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excluded, and in which nothing occurs to break in upon their prevailing gravity of tone.* From this it has been concluded that Shakespeare allowed himself, not indeed to be convinced, but to be roused into trying his hand at the game, and that he wished, without making any retractation, to show his opponents, by means of a few specimens, that he, too, was quite capable of composing tragedies according to strict rules. In support of this conjecture, the sort of affectation with which in the "Tempest” the different personages carefully mark the time, is brought forward. But this is not a very satisfactory explanation of the presence of two or three regular dramas amongst Shakespeare's plays, and it is, I think, a truer way of looking at the matter to say that Shakespeare had no feeling whatever of hostility to classical doctrines, but was absolutely indifferent with regard to them. In France, poets may constantly have been seen occupying themselves with Boileau for the purpose of refuting him; the very opposition is, in its way, an act of homage to him, recognizing, if not his authority, at all events his importance, and shows that though the dictum of the master is not submitted to, it is still deemed deserving of consideration, since it is thought worth while to contradict it. The disdain with which Shakespeare treats the Boileaus of his time is of a very different order; he never thinks of them at all, and he puts their precepts into practice at need, or, as is generally the case, leaves them unfulfilled, with equally small concern as to whether he pleases or displeases them. A romanticist of the present century would deem himself disgraced if such a mischance as writing a tragedy in accordance with the classical rules were to befall him, but such accidents happened with Shake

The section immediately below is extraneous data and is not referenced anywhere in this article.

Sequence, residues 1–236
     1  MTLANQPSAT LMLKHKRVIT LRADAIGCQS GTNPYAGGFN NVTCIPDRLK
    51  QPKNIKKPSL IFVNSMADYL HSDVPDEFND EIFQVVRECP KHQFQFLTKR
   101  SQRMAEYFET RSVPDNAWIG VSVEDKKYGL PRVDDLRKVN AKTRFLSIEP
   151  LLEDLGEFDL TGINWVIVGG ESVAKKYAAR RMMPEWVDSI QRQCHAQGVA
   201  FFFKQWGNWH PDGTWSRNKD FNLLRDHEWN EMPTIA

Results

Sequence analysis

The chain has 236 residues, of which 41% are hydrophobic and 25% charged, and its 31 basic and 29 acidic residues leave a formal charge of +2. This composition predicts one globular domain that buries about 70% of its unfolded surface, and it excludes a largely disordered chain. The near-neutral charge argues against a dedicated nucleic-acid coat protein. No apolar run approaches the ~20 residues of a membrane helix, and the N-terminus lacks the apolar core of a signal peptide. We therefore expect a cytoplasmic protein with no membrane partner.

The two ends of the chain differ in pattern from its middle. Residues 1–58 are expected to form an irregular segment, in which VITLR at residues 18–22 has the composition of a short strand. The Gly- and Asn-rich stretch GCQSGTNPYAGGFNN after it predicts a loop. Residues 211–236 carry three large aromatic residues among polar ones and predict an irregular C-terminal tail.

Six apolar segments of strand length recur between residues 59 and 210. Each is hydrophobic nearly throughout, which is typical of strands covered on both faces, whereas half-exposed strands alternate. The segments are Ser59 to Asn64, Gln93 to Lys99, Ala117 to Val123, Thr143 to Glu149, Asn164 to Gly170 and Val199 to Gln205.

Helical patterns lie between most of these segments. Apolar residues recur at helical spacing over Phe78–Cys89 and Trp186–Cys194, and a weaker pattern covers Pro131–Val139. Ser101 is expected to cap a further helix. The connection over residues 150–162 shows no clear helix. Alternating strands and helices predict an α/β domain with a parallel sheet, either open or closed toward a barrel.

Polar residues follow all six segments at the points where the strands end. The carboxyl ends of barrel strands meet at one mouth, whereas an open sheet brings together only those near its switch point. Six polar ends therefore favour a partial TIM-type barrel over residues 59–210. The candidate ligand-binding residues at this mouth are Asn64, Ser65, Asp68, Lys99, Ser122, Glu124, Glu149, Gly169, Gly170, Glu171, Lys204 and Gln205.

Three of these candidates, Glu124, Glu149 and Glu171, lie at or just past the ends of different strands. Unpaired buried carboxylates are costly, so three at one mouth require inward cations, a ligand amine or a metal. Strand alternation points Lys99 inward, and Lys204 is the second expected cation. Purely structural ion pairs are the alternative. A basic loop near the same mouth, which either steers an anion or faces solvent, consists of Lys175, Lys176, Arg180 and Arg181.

With the exception in “Macbeth” of the porter's scene, which some critics take to be an interpolation.

speare, just because he cared about the rules not at all. His one thought was the treatment necessarily required by the subject, and if the subject invited it, he would pay due attention to the unities, as in the “ Tempest," or would write tragedies without any admixture of comedy, like “ Macbeth” and “Richard II. ;" for an artist such as he was, was not the man to spoil his work for the pleasure of teasing Sir Philip Sidney, or of enraging Ben Jonson.